Nevin Manimala Statistics

Clinical significance of potential drug-drug interactions in older adults with psychiatric disorders: a retrospective study

BMC Psychiatry. 2022 Aug 22;22(1):563. doi: 10.1186/s12888-022-04207-4.


BACKGROUND: Polypharmacy increases the risk of potential drug-drug interactions (pDDIs). This retrospective analysis was conducted to detect pDDIs and adverse drug reactions (ADRs) among older adults with psychiatric disorder, and identify pDDIs with clinical significance.

METHODS: A retrospective analysis was carried out based on the medical records of older adults with psychiatric disorders. Data on demographic characteristics, substance abuse, medical history, and medications were extracted. The Lexi-Interact online database was used to detect pDDIs. The minimal clinically important difference (MCID) was set as the change in the Treatment Emergent Symptom Scale (TESS) score between admission and discharge. The median and interquartile ranges were used for continuous variables, and frequencies were calculated for dichotomous variables. Poisson regression was implemented to determine the factors influencing the number of ADR types. The influencing factors of each ADR and the clinical significance of the severity of the ADR were analysed using binary logistic regression. P < 0.05 was considered statistically significant.

RESULTS: A total of 308 older adults were enrolled, 171 (55.52%) of whom had at least 1 pDDI. Thirty-six types of pDDIs that should be avoided were found, and the most frequent pDDI was the coadministration of lorazepam and olanzapine (55.5%). A total of 26 ADRs induced by pDDIs were identified, and the most common ADR was constipation (26.05%). There was a 9.4 and 10.3% increase in the number of ADR types for each extra medical diagnosis and for each extra drug, respectively. There was a 120% increase in the number of ADR types for older adults hospitalized for 18-28 days compared with those hospitalized for 3-17 days. There was an 11.1% decrease in the number of ADR types for each extra readmission. The length of hospitalization was a risk factor for abnormal liver function (P < 0.05). The use of a large number of drugs was a risk factor for gastric distress (P < 0.05) and dizziness and fainting (P < 0.05). None of the four pDDIs, including coadministrations of olanzapine and lorazepam, quetiapine and potassium chloride, quetiapine and escitalopram, and olanzapine and clonazepam, showed clinical significance of ADR severity (P > 0.05).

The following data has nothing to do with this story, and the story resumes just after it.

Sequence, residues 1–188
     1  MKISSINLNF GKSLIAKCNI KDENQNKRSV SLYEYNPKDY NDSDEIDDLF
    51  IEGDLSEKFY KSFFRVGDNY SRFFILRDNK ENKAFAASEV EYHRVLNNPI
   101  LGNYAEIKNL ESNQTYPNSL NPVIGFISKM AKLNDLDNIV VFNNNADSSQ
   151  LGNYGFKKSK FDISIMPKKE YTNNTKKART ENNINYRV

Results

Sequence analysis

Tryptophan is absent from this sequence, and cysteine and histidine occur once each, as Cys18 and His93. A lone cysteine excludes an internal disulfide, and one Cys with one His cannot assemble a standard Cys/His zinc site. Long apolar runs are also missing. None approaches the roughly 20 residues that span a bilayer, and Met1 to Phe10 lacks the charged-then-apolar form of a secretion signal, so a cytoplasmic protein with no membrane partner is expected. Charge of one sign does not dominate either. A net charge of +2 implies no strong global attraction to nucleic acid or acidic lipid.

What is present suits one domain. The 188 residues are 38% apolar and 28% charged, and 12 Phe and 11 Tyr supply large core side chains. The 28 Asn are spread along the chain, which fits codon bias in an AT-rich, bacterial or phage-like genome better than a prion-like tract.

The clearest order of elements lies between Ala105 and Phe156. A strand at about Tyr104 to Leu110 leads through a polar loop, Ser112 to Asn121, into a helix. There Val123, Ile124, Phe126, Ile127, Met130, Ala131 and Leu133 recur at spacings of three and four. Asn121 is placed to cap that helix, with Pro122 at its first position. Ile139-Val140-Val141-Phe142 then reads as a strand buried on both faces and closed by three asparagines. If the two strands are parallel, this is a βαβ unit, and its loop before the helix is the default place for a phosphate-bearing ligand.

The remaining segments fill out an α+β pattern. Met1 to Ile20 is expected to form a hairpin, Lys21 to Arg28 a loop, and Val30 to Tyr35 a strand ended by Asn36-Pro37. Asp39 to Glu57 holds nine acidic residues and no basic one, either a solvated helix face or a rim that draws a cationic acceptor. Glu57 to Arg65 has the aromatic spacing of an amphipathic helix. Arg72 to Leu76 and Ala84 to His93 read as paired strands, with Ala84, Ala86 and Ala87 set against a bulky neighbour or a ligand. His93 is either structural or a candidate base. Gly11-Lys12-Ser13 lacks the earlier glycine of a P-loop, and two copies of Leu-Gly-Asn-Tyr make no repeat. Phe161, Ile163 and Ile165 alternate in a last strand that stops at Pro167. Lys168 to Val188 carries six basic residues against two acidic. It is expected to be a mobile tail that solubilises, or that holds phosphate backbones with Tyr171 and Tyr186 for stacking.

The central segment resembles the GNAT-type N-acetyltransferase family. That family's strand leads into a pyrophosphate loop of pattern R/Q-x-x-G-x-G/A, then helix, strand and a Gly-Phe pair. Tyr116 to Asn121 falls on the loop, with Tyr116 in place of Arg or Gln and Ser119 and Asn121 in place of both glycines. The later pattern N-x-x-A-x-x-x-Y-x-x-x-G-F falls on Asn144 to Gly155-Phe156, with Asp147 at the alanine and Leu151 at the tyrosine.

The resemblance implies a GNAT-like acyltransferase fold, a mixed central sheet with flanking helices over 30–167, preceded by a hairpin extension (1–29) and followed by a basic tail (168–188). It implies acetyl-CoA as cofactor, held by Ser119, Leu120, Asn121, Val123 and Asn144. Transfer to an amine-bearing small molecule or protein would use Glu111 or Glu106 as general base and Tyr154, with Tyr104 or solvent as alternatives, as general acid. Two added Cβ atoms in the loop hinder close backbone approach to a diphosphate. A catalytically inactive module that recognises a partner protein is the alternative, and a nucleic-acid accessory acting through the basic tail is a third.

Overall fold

CONCLUSIONS: pDDIs are prevalent in older adults, and the rate is increasing. However, many pDDIs may have no clinical significance in terms of ADR severity. Further research on assessing pDDIs, and possible measures to prevent serious ADRs induced by DDIs is needed to reduce the clinical significance of pDDIs.

PMID:35996119 | DOI:10.1186/s12888-022-04207-4

By Nevin Manimala

Portfolio Website for Nevin Manimala